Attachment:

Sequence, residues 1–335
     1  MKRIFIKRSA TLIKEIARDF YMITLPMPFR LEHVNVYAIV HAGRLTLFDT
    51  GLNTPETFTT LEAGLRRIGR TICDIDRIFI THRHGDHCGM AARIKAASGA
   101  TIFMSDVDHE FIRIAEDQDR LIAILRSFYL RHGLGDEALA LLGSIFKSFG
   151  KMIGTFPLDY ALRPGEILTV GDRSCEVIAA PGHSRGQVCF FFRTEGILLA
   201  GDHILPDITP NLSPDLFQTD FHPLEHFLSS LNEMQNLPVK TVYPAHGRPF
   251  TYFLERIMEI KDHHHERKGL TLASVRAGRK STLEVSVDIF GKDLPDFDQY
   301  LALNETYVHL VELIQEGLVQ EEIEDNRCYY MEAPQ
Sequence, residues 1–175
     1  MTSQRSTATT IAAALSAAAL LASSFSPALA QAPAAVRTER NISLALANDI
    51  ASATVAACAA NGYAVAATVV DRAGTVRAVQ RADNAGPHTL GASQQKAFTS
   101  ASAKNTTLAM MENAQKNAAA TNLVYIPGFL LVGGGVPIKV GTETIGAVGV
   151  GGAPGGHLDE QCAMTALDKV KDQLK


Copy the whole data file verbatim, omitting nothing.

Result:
Sequence, residues 1–335
     1  MKRIFIKRSA TLIKEIARDF YMITLPMPFR LEHVNVYAIV HAGRLTLFDT
    51  GLNTPETFTT LEAGLRRIGR TICDIDRIFI THRHGDHCGM AARIKAASGA
   101  TIFMSDVDHE FIRIAEDQDR LIAILRSFYL RHGLGDEALA LLGSIFKSFG
   151  KMIGTFPLDY ALRPGEILTV GDRSCEVIAA PGHSRGQVCF FFRTEGILLA
   201  GDHILPDITP NLSPDLFQTD FHPLEHFLSS LNEMQNLPVK TVYPAHGRPF
   251  TYFLERIMEI KDHHHERKGL TLASVRAGRK STLEVSVDIF GKDLPDFDQY
   301  LALNETYVHL VELIQEGLVQ EEIEDNRCYY MEAPQ
Sequence, residues 1–175
     1  MTSQRSTATT IAAALSAAAL LASSFSPALA QAPAAVRTER NISLALANDI
    51  ASATVAACAA NGYAVAATVV DRAGTVRAVQ RADNAGPHTL GASQQKAFTS
   101  ASAKNTTLAM MENAQKNAAA TNLVYIPGFL LVGGGVPIKV GTETIGAVGV
   151  GGAPGGHLDE QCAMTALDKV KDQLK